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Politics of Sambalpuri or Kosali as a Dialect of Oriya in Orissa
Tuna Biswal, M. Phil.
There have been a lot of debates going on regarding the status of Sambalpuri as a dialect of Oriya in Orissa, a state in India. Linguistic interpretations are unacceptable to many speakers of Sambalpuri. There is a politics of division prevailing based on social, economic as well as linguistic issues. Mutually intelligible dialects of the same language spoken by two speech communities, speakers of Oriya from the coastal districts of Orissa and speakers of the dialect Sambalpuri are in the centre of this controversy. Sambalpuri speakers demand a separate and distinct language identity for their speech, distinct from their current identity within Oriya speakers. This paper seeks to study some of the issues on the politicization of this language controversy. As a language, the true recognition of Sambalpuri, whether as a dialect or a language, would come, not by the constitutional certification, but rather through qualitative and quantitative growth of Sambalpuri language and literature, in specific ways.
Key words: Sambalpuri or Kosali Language, Dialect, Language, Oriya, Politics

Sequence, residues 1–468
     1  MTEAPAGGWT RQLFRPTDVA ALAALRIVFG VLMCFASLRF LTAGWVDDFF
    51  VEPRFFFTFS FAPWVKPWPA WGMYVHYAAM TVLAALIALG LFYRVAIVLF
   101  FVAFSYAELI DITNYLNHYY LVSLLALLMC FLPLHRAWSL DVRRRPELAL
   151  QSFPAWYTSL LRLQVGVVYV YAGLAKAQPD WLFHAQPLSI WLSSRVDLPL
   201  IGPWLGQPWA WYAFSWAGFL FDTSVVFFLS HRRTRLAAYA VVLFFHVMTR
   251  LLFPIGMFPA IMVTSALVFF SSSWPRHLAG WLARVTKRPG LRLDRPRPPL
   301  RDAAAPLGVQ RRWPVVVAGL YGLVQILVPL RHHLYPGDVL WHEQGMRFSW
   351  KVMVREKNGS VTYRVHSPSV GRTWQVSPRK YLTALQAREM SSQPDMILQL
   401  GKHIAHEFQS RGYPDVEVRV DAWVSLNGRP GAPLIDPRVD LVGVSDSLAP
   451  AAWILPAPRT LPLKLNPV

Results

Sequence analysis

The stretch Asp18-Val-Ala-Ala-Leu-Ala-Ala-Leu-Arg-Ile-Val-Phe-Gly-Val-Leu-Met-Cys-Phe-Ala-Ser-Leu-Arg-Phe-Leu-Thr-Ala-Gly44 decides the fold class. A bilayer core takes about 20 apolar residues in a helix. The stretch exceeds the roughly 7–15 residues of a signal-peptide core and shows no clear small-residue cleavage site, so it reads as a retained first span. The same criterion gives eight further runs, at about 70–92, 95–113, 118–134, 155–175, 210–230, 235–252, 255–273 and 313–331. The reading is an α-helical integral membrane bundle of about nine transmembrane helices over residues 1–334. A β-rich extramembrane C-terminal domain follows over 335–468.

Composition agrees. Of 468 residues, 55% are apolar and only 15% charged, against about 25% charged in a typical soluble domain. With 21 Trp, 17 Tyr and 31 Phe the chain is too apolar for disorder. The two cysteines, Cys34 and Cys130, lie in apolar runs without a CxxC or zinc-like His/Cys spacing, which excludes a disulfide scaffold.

"According to Sir George Grierson's The Linguistics Survey of India, there are no dialects of Oriya within its geographical area. However, Prof. Golokabihari Dhala and Dr. Kunjabihari Tripathi have pointed the dialects of Oriya. ….So whether Sambalpuri is an independent language or is it one of the most valuable dialects of Oriya is a debatable question." (Census, n.d.)
This piece of information given in CIIL, Mysore's website appropriately corroborates the very point of discussion of this paper about a debatable issue pertaining to the Sambalpuri language. In fact, it is a million dollar question, whether Sambalpuri is a dialect of Oriya or not in Orissa, which means a lot, particularly, for the people of Western Orissa, for whom, it is closely associated with their identity.
The chief communicative language or speech of the Kosala region is Sambalpuri. Not much research has been done on the accent and phonetics of the Sambalpuri language and it is generally considered to be a dialect of Oriya. (Gordon, 2005) Oriya is the mother tongue of the people in Orissa - a state in India. In Orissa, nearly one third of the population speaks Sambalpuri or Koshli and the rest speak the Oriya language.
The linguistic map of the state is characterized by primarily two dominant speech forms, namely, Oriya or Kataki - the form used by people in the coastal districts and Sambalpuri or Kosali - the form used by the adjoining north-eastern border districts like Sambalpur, Balangir, Bargarh, Sonepur, Kalahandi, Sundargarh, Boudh, Deogarh, Nuapada and Jharsuguda by a population totaling around 9,001,406 according to 2001 Census of India. Sambalpuri was considered to be a dialect of the standard Oriya, but, owing to its distinct grammar and pronunciations, it has achieved or may achieve the status of a distinct language. In the modern context, the Sambalpuri language is popularly known as "Kosali language". (Census, n.d.)